By Alex Maccioni

Chilean artists are not exactly word of mouth amongst the artistic masses in Europe. Surrealist Roberto Matta aside, many Chilean artists have failed to break away and succeed on foreign soil. The locals in Santiago de Chile cry that their lack of global recognition in whatever field is due to their geographical and political problems.

Admittedly, both factors have cut-off Chilean artists from the rest of the world in both a physical and mental sense. Geographically Chile is unique. With the driest desert in the North, the huge mountain range of The Andes to the East, glaciers in the South and the Pacific Ocean in the West, Chileans find themselves hemmed in and apart from the rest of their continent, let alone the world. Only with the birth of the global village and the boom in technology and communications can Chilean artist now start to broadcast their talents and skills.

Others argue that the output of Chilean art and knowledge of new forms and style suffered through the dictatorial years of Augusto Pinochet. The recent critically acclaimed Chilean film, Machuca, highlights the struggles artists had during the 70’s and 80’s.

Recently, I decided to take a short bus ride from my apartment in Santiago de Chile to the beautiful, tranquil, green lawned area of Providencia. I met the Chilean artist called Luz Maria Irarrazabal, who has in the last few years managed to take advantage of the change and share her work with awaiting admirers. Her hugely popular exhibitions have graced the cities of New York and Miami in 2003, the Philadelphia Art festival of 2004 and a host of other exhibitions throughout Uruguay and Argentina.

A member of the famous artistic Vasco family, Luz Maria’s speciality is oil and charcoal pictures but she is also a keen engraver and sculpture. Amongst the leafy windswept streets of her borough I spent a few hours observing and talking to her about some of her favourite pieces.

“Innocence and purity are the bases of my paintings”, emphasised Luz Maria. “I suppose, through my attraction to painting women and children.” Hovering above the canvases that were sprawled around her house I noted that her comment was relevant to her work (both old and new). There is no political banging of the drum with Luz Marias paintings. All of her work sits carefully on the canvas, drawing the observer slowly into her world of calm, what with the soft concoction of the colours she uses. “I don’t like using bright or loud colours, I feel that the colours I use give calm and a type of pleasantness to my work. Occasionally you can see a red, but even that colour is used sparingly and softly.” One painting in particular typifies this, with a wisp of red caressing the face of the young.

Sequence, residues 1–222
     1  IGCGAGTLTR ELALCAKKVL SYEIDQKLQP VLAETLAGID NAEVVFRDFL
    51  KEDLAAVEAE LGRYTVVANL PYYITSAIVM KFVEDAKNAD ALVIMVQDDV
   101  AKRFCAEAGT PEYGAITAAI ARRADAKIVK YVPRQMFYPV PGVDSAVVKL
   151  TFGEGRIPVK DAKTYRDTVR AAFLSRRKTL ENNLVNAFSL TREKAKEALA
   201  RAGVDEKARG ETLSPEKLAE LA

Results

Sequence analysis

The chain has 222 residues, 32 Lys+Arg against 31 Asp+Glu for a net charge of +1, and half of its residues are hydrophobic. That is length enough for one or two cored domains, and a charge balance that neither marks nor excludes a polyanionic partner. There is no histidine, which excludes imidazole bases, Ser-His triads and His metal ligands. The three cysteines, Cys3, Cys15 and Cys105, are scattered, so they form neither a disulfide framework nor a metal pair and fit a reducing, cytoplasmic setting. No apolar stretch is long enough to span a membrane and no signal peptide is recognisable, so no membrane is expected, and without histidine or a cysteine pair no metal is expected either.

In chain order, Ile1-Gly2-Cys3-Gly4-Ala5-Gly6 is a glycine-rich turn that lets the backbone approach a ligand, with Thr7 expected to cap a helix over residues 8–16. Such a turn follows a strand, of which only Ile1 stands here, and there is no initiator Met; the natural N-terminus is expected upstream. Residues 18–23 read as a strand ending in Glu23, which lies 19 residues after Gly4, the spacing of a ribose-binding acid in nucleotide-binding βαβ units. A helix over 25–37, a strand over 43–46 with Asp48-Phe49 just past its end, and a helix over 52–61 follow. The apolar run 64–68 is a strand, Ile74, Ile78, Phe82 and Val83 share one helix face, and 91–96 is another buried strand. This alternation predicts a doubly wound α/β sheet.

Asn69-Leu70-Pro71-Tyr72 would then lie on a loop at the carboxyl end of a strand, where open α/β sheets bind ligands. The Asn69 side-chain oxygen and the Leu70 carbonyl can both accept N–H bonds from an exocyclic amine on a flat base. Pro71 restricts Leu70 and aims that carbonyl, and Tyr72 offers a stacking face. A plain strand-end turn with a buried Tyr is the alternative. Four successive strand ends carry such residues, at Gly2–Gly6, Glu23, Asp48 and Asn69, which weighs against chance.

Drinking tea and conversing in a mix of Spanish and English we talked about her range of painting techniques. “I also love using pastel colours mainly for the same reasons as my water paintings; its effect of taking the edge off colour is something I like.”

For me her style, whether done with pastel or watercolour, always gives the effect that she has stroked on the substance with her fingers, seemingly smudged on. This technique creates a lazy, hazy patina, achieving the peaceful innocence that permeates most of her pictures.

Tranquillity and peace are words that you just can’t avoid while in the company of Luz Marie and looking at her paintings. Her paintings are almost a reflection of her surroundings and character. The two children lying on a mat outdoor is one of many in her collection that depict casual leisure activities. The stillness and grace that shines from each piece is radically different to a lot of other Latin art pieces.

Her work is a breath of fresh air compared to the boisterous paintings of revolution and angst that dominate the Latin art world. Luz Marie’s artistic vision is to create a world of calm and beauty, a place where the observer is taken to the great outdoors, where families laze in the windswept, sun blanched countryside – the elemental continuum of life itself.

After my visit I pondered on the bus home the vastly differing sectors of Chilean art culture, and how different the paintings would be in the traditionally revolutionist districts of Recoleta or Macul. But perhaps in her own way Luz Marie is a revolutionist, because without fuss her creativeness flourishes without the political or symbolist standpoint that fill the brushes of many other Latin artists.
Alex Maccioni is our Latin America Editor. He is a former FT Dynamo writer presently based in Chile, where he writes and runs his own English Language College

Photos by Alex Maccioni

Graphic Design by Ishmael Annobil/  Web Development by Ruzanna Hovasapyan